See also: Ferry

English edit

Etymology edit

From Middle English ferien (to carry, convey, convey in a boat), from Old English ferian (to carry, convey, bear, bring, lead, conduct, betake oneself to, be versed in, depart, go), from Proto-West Germanic *farjan, from Proto-Germanic *farjaną (to make or let go, transfer, ferry), from Proto-Indo-European *per- (to bring or carry over, transfer, pass through).

Cognate with German dialectal feren, fähren (to row, sail), Danish færge (to ferry), Swedish färja (to ferry), Icelandic ferja (to ferry), Old Norse ferja. Related to fare.

Pronunciation edit

Verb edit

ferry (third-person singular simple present ferries, present participle ferrying, simple past and past participle ferried)

  1. (transitive) To carry; transport; convey.
    Trucks plowed through the water to ferry flood victims to safety.
    • 2007, Rick Bass, The Lives of Rocks:
      We ferried our stock in U-Haul trailers, and across the months, as we purchased more cowflesh from the Goat Man — meat vanishing into the ether again and again, as if into some quarkish void — we became familiar enough with Sloat and his daughter to learn that her name was Flozelle, and to visit with them about matters other than stock.
  2. (transitive) To move someone or something from one place to another, usually repeatedly.
    • 2013 June 1, “Ideas coming down the track”, in The Economist, volume 407, number 8838, page 13 (Technology Quarterly):
      A “moving platform” scheme [] is more technologically ambitious than maglev trains even though it relies on conventional rails. Local trains would use side-by-side rails to roll alongside intercity trains and allow passengers to switch trains by stepping through docking bays. [] This would also let high-speed trains skirt cities as moving platforms ferry passengers to and from the city centre.
    Being a good waiter takes more than the ability to ferry plates of food around a restaurant.
  3. (transitive) To carry or transport over a contracted body of water, as a river or strait, in a boat or other floating conveyance plying between opposite shores.
  4. (intransitive) To pass over water in a boat or by ferry.

Noun edit

 
The Staten Island Ferry

ferry (plural ferries)

  1. A ship used to transport people, smaller vehicles and goods from one port to another, usually on a regular schedule.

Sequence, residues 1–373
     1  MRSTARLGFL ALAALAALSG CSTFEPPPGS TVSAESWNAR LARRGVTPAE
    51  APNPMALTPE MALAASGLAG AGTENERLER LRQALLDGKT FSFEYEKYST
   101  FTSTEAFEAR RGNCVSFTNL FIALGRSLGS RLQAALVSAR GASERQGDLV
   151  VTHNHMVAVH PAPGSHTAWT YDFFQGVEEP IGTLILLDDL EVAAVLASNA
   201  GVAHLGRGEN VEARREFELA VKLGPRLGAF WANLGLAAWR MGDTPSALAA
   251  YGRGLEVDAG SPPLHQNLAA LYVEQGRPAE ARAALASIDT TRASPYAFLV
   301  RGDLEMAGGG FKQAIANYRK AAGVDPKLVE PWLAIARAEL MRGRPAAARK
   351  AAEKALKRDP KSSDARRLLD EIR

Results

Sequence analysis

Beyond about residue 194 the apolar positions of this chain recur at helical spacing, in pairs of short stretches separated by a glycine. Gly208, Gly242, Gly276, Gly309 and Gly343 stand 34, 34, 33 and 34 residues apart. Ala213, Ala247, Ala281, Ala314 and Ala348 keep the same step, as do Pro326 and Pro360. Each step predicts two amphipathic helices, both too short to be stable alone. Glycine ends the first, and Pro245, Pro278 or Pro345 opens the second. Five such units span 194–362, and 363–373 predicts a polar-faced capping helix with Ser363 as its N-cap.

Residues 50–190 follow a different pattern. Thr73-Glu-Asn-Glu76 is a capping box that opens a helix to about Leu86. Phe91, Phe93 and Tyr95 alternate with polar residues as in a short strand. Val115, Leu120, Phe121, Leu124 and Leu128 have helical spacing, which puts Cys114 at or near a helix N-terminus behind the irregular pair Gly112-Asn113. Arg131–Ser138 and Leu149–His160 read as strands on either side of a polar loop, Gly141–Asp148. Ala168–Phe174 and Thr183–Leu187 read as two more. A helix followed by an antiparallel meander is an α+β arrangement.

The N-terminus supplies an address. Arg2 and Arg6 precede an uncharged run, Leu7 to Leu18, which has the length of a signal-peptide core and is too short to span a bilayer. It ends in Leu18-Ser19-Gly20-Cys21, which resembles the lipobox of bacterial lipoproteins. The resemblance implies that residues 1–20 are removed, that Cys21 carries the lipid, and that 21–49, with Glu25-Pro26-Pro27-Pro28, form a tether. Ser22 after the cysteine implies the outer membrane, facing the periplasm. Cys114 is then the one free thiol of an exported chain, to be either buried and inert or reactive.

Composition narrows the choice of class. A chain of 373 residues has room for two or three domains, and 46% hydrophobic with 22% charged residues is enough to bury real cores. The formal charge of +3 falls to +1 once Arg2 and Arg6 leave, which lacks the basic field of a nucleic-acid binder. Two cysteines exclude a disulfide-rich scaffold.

• 2019 November 22, Ilaria Maria Sala, “After the Protests: How Will Hong Kong Vote?”, in The New York Times[1], →ISSN, →OCLC, archived from the original on 2019-11-22, Opinion‎[2]:
      To reach Mui Wo, a small town on Lantau Island, you take a ferry from central Hong Kong, and after a 30-minute ride arrive at a small square with a car park and bus stops blackened by fumes.
  2. A place where passengers are transported across water in such a ship.
  3. The legal right or franchise that entitles a corporate body or an individual to operate such a service.
    (Can we add an example for this sense?)

Derived terms edit

Terms derived from ferry (noun)

Descendants edit

Translations edit

See also edit

Anagrams edit

French edit

Etymology edit

Borrowed from English ferry.

Pronunciation edit

Noun edit

ferry m (plural ferries or ferrys)

  1. ferry

Derived terms edit

Portuguese edit

Etymology edit

Unadapted borrowing from English ferry.[1][2]

Pronunciation edit

Noun edit

ferry m (plural ferries)

  1. ferry (boat)

References edit

Spanish edit

Etymology edit

Unadapted borrowing from English ferry.

Pronunciation edit

  • IPA(key): /ˈferi/ [ˈfe.ri]
  • Rhymes: -eri
  • Syllabification: fe‧rry

Noun edit

ferry m (plural ferrys or ferries)

  1. Alternative spelling of ferri

Usage notes edit

According to Royal Spanish Academy (RAE) prescriptions, unadapted foreign words should be written in italics in a text printed in roman type, and vice versa, and in quotation marks in a manuscript text or when italics are not available. In practice, this RAE prescription is not always followed.

Further reading edit